-- In WarOf1812@egroups.com
, "Terry Lubka" <tlubka@p...> wrote:
> all my readings of personal diaries they often referred to the
> as "Frogs"... but the question is how far
> should a reenactor go to portray the person in history?
In your 19th century persona, it's understandable, because we (the
public and the other reenactors) are aware that you are speaking as a
person of that time. The 19th C. French soldier would've spoken a few
pithy insults at his English enemy. So would the person re-enacting
him. But are you in your 19th century persona when you are e-mailing
Just out of interest, sometimes I don't think people are concious they are doing this kind of thing.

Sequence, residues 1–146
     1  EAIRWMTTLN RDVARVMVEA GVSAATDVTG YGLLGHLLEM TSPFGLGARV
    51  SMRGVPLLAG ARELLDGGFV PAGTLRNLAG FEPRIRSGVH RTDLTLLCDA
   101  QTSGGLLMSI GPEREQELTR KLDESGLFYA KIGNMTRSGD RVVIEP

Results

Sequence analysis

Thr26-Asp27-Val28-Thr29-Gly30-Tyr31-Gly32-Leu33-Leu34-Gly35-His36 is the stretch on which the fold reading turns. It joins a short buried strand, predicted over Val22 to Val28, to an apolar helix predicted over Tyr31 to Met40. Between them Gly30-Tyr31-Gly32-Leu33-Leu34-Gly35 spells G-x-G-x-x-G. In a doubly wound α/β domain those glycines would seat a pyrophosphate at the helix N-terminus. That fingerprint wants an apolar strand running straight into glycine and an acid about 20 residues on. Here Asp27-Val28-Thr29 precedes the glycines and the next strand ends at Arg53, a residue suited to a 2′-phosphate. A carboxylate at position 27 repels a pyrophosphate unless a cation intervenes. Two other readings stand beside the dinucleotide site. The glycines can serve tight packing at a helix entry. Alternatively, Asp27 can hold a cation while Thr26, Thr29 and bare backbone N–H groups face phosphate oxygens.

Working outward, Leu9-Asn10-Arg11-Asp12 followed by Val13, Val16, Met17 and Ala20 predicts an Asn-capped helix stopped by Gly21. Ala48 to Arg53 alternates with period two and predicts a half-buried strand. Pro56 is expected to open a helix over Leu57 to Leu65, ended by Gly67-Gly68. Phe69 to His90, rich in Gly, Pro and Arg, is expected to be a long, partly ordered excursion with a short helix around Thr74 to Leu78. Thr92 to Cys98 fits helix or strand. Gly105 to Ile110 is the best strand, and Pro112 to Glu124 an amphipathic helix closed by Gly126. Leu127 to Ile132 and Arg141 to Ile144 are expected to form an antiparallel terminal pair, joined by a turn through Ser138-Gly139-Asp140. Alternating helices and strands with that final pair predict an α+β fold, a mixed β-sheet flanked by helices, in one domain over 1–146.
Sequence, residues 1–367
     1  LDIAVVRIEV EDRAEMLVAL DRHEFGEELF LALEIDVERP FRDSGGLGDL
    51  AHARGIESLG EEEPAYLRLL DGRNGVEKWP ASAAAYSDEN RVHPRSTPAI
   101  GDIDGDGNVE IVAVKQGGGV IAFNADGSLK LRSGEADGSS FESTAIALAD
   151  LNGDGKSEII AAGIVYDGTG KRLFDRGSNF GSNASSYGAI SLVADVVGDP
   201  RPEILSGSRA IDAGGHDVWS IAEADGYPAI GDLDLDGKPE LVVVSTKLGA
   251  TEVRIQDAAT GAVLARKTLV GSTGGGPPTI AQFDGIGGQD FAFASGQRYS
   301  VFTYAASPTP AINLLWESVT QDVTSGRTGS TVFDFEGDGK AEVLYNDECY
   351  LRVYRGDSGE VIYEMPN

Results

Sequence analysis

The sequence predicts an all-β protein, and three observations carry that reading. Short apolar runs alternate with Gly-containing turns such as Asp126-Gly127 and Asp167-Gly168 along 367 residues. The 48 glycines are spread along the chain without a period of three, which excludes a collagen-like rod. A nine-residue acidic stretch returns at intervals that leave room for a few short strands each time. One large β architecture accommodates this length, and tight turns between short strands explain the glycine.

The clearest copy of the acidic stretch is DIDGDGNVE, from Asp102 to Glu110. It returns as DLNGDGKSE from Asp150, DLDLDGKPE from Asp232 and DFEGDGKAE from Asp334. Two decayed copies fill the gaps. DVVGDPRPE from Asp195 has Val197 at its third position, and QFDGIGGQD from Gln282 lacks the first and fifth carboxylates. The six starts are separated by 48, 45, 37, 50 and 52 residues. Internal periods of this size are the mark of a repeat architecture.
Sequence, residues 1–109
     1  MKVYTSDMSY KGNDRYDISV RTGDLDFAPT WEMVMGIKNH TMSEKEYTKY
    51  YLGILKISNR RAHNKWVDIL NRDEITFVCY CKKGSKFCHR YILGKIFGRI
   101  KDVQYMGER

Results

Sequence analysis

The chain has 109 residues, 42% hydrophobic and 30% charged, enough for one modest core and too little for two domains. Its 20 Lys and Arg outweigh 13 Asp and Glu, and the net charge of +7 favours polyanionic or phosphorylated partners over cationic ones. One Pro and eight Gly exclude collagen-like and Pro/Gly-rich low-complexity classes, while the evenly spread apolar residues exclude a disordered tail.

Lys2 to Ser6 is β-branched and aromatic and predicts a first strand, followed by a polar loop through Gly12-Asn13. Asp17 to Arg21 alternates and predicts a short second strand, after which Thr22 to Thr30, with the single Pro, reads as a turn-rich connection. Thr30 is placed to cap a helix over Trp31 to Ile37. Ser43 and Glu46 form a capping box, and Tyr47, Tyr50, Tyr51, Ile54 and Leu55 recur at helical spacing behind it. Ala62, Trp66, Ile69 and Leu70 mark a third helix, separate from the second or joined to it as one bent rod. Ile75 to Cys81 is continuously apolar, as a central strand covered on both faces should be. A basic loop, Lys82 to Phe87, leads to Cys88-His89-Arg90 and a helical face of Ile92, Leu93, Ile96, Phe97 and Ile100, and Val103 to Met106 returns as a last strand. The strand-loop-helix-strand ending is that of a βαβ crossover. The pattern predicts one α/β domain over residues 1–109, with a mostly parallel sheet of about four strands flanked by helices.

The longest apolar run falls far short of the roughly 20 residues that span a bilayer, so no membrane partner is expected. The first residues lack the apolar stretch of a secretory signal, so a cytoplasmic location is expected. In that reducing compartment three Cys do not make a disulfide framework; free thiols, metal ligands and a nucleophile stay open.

I was recently at a meeting of a 'side' to which I do not belong, (no names, period or location!) and when I pointed out that, during this planning meeting, people were consistantly referring to their re-enactor compatriots as 'the enemy', they were genuinely surprised.
So as I say I think that quite often it is unconcious and then, when someone takes offence and comes back with a similar slur the original person defends the original remark and off we go!
If we remember we are friends first a lot of this will go away.
Of course it does help if one can tell the diference between being funny and being offensive!